Heifer Calving Rate is Lowly Heritable in Hereford Cattle

Calving rate is not hugely heritable in Hereford cattle but genetic improvements are still possible, conclude Kansas experts.
calendar icon 1 July 2014
clock icon 3 minute read

Reproductive failure is consistently a top reason for culling beef cows from the herd, writes a team of researchers at Kansas State Univeristy.

H.L. Bradford, D.W. Moser, J.M. Bormann, and R.L. Weaber of KSU write that culling young females is very costly to commercial producers because a young female hasn’t generated enough income to pay for the cost of developing that female. One way to improve reproductive performance in the cowherd is through genetics. Although reproductive traits tend to be lowly heritable, genetic improvement can be made through selection.

Beef producers traditionally have selected for increased scrotal circumference to improve female fertility.

Scrotal circumference is an indicator trait and is positively correlated to female reproductive performance. Faster genetic improvement could be made by selecting for an easy-to-measure, economically relevant trait.

The American Hereford Association’s whole-herd reporting program has enabled the collection of more difficult-to-measure phenotypes such as reproductive performance. Producers enrolled in the program must report the reproductive status of all breeding-age females on a yearly basis.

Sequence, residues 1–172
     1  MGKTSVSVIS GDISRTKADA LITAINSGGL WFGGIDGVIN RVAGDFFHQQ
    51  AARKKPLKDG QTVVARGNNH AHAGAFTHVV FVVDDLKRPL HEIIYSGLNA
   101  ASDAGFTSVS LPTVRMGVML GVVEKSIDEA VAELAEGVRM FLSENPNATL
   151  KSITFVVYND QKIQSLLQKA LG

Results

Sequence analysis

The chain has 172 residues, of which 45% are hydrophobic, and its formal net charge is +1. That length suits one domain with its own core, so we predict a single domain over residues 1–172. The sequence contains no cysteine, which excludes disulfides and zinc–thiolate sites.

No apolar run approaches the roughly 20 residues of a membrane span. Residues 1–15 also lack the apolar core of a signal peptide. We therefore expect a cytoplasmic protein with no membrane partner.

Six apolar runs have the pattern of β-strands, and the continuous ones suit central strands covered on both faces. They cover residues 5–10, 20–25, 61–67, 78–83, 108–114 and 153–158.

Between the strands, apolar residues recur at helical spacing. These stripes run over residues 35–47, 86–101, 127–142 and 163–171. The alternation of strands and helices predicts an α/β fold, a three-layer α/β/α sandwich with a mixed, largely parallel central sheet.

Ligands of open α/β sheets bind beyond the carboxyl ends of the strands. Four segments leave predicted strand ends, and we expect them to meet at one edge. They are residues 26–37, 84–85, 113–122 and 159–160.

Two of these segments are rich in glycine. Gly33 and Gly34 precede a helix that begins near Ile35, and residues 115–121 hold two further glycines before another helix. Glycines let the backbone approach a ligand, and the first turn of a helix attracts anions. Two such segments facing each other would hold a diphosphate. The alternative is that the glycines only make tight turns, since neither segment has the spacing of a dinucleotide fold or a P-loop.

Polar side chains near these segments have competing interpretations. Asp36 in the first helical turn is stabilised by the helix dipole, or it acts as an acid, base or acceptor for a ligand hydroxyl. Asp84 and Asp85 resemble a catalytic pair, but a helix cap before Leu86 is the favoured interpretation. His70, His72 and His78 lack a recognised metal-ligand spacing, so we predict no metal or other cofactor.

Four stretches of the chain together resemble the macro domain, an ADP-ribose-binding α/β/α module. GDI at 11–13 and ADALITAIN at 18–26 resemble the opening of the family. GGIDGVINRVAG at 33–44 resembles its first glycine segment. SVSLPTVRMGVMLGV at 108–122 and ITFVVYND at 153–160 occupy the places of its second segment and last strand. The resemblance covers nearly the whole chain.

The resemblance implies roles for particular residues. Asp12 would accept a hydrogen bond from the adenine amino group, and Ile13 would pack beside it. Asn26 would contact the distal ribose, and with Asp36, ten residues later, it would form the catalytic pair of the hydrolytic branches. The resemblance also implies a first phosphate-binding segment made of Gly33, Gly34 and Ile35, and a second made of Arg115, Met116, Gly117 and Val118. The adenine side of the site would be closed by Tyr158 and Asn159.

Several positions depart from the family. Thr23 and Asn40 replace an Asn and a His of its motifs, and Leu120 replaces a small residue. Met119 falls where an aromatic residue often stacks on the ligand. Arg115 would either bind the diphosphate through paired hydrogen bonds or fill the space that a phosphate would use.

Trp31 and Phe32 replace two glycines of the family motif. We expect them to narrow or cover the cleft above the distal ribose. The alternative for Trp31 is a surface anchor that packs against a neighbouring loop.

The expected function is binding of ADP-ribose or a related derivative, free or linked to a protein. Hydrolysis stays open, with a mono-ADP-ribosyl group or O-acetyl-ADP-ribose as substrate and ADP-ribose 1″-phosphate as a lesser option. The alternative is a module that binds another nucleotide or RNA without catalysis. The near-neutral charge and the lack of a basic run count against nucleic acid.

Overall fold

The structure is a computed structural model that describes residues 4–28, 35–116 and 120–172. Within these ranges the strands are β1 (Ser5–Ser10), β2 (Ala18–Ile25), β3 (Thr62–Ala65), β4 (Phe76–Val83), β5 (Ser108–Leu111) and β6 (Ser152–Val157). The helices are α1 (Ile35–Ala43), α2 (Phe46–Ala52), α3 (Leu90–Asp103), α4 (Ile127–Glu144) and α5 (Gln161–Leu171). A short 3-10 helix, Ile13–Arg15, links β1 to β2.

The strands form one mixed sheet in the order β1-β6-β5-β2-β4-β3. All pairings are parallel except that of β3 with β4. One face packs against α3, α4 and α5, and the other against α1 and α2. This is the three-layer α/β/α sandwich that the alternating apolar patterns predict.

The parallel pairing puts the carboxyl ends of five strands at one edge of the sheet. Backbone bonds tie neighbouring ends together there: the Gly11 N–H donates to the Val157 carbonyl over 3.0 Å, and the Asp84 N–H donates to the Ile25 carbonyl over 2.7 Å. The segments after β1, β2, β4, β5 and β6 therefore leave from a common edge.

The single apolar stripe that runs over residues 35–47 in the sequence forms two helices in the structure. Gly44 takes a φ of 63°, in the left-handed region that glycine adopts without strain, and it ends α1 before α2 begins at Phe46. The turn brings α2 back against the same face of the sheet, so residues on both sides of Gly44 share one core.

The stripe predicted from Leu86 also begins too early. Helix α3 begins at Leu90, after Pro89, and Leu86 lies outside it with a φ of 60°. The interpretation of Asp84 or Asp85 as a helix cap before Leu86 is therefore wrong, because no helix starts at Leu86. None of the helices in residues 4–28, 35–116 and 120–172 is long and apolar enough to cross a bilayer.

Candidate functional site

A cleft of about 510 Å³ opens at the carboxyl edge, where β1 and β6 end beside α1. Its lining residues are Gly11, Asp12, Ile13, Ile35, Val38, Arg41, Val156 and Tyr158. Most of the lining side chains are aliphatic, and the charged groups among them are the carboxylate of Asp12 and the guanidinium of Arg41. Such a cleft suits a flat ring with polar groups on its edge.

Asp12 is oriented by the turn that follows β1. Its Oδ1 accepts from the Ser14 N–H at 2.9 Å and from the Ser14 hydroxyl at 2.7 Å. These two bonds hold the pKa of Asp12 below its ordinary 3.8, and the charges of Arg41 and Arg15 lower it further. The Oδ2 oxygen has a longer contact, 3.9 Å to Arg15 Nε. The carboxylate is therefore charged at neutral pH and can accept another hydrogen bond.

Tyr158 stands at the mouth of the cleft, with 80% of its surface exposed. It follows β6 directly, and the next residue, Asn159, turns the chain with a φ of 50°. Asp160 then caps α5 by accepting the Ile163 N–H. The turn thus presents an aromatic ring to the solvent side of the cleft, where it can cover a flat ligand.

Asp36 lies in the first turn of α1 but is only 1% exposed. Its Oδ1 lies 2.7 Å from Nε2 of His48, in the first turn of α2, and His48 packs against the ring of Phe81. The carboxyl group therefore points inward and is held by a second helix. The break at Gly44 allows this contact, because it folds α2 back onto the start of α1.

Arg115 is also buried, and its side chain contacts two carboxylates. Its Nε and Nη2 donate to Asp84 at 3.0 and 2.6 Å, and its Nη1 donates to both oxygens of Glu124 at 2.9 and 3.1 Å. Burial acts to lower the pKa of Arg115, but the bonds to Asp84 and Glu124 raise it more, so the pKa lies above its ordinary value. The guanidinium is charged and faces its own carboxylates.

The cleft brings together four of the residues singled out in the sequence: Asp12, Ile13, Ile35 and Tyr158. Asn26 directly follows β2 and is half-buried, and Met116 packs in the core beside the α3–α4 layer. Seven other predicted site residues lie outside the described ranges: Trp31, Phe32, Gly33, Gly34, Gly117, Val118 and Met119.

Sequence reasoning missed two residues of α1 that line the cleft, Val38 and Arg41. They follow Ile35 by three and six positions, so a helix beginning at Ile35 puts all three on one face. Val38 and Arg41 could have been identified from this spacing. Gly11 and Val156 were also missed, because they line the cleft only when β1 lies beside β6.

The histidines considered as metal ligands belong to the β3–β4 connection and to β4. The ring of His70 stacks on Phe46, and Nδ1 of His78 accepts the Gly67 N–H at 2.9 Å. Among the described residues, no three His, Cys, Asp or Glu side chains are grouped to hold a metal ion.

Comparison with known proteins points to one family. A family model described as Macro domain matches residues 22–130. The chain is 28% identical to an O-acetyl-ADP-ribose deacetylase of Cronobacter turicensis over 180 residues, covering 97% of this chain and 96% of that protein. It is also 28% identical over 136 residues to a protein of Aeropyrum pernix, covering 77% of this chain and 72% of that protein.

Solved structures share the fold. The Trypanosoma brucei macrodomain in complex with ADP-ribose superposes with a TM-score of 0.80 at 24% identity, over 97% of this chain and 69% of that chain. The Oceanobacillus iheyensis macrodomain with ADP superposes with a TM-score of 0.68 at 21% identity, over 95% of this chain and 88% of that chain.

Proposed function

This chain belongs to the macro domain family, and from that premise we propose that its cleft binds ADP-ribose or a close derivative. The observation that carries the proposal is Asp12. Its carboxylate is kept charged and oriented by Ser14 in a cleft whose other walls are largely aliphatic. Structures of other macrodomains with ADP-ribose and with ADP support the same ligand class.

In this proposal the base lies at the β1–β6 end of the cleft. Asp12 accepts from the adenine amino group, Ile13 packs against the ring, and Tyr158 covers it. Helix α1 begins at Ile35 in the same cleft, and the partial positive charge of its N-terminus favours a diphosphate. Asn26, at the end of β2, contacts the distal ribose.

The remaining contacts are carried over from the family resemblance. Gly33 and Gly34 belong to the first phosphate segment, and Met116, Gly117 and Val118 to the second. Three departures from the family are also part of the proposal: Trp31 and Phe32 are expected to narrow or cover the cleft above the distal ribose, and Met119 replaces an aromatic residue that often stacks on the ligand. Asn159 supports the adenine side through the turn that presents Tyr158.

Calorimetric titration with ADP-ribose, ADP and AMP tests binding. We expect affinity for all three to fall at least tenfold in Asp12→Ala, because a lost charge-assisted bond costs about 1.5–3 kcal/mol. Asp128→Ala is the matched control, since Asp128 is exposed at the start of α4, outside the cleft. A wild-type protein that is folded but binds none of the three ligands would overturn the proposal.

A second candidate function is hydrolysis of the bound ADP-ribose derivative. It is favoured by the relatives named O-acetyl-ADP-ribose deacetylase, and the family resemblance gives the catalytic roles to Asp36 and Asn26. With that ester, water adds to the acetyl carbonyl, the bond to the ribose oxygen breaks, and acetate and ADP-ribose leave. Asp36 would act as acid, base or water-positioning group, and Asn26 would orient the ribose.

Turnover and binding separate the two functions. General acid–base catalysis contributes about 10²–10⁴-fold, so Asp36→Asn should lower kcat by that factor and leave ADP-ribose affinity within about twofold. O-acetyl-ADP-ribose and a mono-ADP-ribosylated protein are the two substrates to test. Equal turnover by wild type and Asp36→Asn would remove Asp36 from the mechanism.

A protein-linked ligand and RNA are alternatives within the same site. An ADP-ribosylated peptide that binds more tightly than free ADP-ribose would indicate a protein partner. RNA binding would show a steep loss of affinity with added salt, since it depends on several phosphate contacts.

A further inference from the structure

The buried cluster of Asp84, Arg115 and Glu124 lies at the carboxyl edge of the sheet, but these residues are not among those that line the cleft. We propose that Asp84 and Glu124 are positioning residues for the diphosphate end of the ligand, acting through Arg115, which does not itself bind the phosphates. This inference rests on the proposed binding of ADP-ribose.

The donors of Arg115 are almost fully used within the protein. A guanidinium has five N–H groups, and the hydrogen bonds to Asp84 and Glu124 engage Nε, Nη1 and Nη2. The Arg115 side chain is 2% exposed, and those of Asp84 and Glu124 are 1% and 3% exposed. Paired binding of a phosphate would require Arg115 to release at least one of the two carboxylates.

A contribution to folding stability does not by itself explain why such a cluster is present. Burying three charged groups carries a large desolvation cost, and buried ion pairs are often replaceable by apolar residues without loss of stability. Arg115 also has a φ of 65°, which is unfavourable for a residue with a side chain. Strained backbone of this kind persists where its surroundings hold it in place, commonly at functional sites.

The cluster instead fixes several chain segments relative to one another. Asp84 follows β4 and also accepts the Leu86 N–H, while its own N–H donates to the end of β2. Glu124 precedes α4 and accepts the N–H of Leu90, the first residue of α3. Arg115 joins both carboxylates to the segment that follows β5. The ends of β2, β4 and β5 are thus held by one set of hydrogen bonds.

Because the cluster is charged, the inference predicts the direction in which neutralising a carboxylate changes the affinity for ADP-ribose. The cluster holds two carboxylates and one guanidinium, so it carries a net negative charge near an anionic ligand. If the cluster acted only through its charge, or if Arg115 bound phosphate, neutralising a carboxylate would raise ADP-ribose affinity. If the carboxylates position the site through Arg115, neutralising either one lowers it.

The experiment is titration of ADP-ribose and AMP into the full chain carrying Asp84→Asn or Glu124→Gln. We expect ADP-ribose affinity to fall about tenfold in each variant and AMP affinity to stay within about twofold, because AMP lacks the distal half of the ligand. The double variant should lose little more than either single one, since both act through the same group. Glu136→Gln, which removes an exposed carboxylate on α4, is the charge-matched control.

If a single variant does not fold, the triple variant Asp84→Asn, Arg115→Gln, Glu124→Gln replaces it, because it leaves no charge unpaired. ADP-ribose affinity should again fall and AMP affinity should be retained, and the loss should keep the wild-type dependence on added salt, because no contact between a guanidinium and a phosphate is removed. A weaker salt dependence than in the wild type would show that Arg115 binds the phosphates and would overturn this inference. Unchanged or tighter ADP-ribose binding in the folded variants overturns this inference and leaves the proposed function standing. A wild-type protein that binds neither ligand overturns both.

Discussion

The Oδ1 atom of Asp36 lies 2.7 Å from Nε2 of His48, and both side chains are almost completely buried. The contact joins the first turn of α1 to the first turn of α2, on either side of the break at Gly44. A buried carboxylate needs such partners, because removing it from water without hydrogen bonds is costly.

Graph courtesy of Kansas State University

This reporting system includes information such as if a female was exposed for breeding and if she calved the following year. Traits like heifer calving rate and the likelihood that daughters will calve as a heifer if they were retained as replacements can be developed based on the data reported by Hereford breeders. Our objective was to estimate the heritability of heifer calving rate, an economically relevant trait.

Experimental Procedures Calving records on females born from 2000 through 2009 were obtained from the American Hereford Association. After editing, 98,844 calving records and a six-generation pedigree with 289,141 animals remained for the analysis. Data were analyzed with a multiple-trait logistic animal model with a random effect for additive genetics and fixed effects for contemporary group and age at calving.

Contemporary group was defined as the combination of herd, yearling weigh date, and yearling group. There were 4,745 contemporary groups represented in the heifer calving records. Contemporary groups with either all females calving or no females calving were not included in the data because there were no phenotypic differences among the heifers in those groups.

Results and Discussion

The heritability estimate for heifer calving rate was 0.15 ± 0.01. Like most reproductive traits, this trait was lowly heritable. Yet, the reproductive success of heifers is relatively easy to measure through the American Hereford Association’s whole-herd reporting system, making heifer calving rate a practical trait for selection. Genetic selection for heifer calving rate can increase the likelihood that a sire’s daughters will calve as heifers.

The genetic trend for heifer calving rate is presented in Figure 1. In the past decade, genetic improvement has occurred in the likelihood that daughters will calve as heifers.


Heifer calving rate was lowly heritable, but producers can still select for heifer calving rate to make genetic improvement.

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